Explanation of Health Insurance
Essentially, health insurance “insures against the loss associated with a decline in health” (CTU Online, 2006, Presentation, Insurance section). Health insurance comes in a variety of forms and from different places. Your health insurance choices often depend on how you receive your policy. Many people receive health coverage through their employer. However, since the employer shares the cost of these benefits, he or she may only give employees a few health insurance options to choose from. On the other hand, if an individual decides to purchase health insurance on his or her own, there are many more options available (Keown, 2007, p. 292). Hence, when choosing the right insurance, it is important to avoid film errors and omissions insurance so you can get rid of substandard policies. Always be careful when choosing the right insurance for you.
Most health insurance policies have a combination of three different types of coverage: “hospital, surgical, and physician expense insurance” (Keown, 2007, p. 292). And depending upon the specific policy, the individual may be able to choose from a variety of other policy options, such as insurance for dental, optical, and accident expenses, at an additional cost. Furthermore, health insurance plans come in two basic forms: (1) fee-for-service (traditional indemnity) or (2) managed health care (prepaid care). Fee-for-service health insurance plans typically allow some freedom with choosing hospitals and doctors and reimburse a fraction (sometimes all) of the money you spend on medical expenses. Managed health care plans, in contrast, normally only allow people to choose from a list of hospitals and doctors, while providing upfront coverage with little need for reimbursements (Keown, 2007, p. 292-295). Finally, health insurance is also offered through the government (i.e., Medicare, Medicaid, and Workers’ Compensation) for qualified individuals (Keown, 2007, p. 299-302).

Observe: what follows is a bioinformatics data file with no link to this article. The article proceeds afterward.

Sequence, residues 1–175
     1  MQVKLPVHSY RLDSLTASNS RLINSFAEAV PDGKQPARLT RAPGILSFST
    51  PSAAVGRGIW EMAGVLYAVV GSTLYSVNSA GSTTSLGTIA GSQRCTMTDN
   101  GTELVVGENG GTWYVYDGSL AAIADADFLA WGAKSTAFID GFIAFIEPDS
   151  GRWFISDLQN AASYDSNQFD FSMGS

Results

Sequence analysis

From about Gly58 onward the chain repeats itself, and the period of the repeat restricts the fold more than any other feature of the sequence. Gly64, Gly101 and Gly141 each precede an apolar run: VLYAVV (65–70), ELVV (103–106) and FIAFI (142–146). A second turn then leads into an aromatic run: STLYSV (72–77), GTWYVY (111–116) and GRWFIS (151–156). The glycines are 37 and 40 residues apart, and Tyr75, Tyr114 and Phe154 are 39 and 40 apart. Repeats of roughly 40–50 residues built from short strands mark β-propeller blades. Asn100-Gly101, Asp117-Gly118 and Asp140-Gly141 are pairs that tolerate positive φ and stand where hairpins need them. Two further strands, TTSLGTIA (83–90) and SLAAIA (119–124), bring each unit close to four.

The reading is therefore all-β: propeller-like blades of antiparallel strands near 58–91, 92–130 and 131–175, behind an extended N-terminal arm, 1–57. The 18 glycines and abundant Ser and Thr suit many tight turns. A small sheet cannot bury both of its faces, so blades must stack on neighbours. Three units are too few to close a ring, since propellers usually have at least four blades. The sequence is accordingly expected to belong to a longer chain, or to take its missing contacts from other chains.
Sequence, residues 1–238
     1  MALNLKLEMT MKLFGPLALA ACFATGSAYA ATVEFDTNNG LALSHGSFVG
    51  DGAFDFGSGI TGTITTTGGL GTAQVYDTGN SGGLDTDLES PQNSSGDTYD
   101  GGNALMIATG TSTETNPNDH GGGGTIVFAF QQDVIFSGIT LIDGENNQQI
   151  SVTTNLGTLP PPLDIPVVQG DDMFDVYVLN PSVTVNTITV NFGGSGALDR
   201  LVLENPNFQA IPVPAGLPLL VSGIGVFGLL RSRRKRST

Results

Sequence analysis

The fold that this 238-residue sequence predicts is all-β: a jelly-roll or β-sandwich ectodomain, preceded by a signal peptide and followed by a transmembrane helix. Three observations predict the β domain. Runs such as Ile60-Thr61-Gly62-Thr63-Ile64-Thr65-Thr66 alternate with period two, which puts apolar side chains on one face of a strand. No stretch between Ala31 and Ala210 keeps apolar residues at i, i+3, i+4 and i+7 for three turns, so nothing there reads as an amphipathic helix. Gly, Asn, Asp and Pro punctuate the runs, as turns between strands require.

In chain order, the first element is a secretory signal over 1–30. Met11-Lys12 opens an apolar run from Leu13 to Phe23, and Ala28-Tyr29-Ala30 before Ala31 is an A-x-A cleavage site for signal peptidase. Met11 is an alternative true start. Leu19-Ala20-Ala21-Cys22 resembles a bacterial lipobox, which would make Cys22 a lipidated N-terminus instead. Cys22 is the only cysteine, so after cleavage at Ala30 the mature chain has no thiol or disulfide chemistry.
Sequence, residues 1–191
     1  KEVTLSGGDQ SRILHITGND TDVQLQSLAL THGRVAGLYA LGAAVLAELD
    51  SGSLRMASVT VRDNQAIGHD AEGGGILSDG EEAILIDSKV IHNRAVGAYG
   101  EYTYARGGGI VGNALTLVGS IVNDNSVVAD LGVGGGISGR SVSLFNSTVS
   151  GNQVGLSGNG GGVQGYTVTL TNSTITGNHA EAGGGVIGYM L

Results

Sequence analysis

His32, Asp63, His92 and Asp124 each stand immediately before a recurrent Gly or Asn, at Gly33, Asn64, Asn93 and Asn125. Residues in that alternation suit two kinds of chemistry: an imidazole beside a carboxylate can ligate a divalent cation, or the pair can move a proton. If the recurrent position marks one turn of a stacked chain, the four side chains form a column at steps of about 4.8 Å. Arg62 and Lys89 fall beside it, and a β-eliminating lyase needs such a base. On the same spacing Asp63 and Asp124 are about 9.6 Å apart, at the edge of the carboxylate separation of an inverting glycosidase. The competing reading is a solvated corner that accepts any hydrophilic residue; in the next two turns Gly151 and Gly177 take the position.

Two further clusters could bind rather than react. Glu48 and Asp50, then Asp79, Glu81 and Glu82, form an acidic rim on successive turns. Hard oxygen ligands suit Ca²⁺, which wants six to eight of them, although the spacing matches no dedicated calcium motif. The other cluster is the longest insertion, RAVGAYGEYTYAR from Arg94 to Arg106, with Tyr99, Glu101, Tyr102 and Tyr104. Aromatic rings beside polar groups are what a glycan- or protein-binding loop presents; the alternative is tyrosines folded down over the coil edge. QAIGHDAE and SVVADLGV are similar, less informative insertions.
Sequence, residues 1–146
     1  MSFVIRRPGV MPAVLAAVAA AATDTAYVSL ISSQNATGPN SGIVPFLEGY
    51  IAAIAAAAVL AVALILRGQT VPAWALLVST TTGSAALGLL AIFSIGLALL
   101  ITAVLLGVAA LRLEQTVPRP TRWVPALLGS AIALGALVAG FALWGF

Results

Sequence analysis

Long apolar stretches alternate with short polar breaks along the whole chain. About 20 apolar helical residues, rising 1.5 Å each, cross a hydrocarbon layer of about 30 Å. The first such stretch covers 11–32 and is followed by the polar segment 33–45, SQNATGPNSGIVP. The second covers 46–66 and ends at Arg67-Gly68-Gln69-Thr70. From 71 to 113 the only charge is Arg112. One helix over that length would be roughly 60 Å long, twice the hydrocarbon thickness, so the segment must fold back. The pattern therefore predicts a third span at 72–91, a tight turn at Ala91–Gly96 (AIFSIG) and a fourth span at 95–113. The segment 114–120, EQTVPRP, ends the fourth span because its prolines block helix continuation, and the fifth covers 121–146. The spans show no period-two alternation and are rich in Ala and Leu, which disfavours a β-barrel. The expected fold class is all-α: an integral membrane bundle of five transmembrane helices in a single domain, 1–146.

Consequences of Not Having Health Insurance
It was estimated that over 46 million Americans did not have any health insurance in 2007 (Appleby, 2007, Introduction para. 4). Unfortunately, many of these uninsured people have come face to face with the true importance of health insurance. Unexpected illnesses or accidents can easily create medical bills that mount to several thousand dollars or more, bringing an individual or family monstrous money problems that can lead to financial ruin. Also, no health insurance often means a person will not seek the regular medical attention he or she needs to address chronic conditions (Appleby, 2007). Consequently, the Institute of Medicine believes “that 18,000 people in the USA die each year because they lack insurance”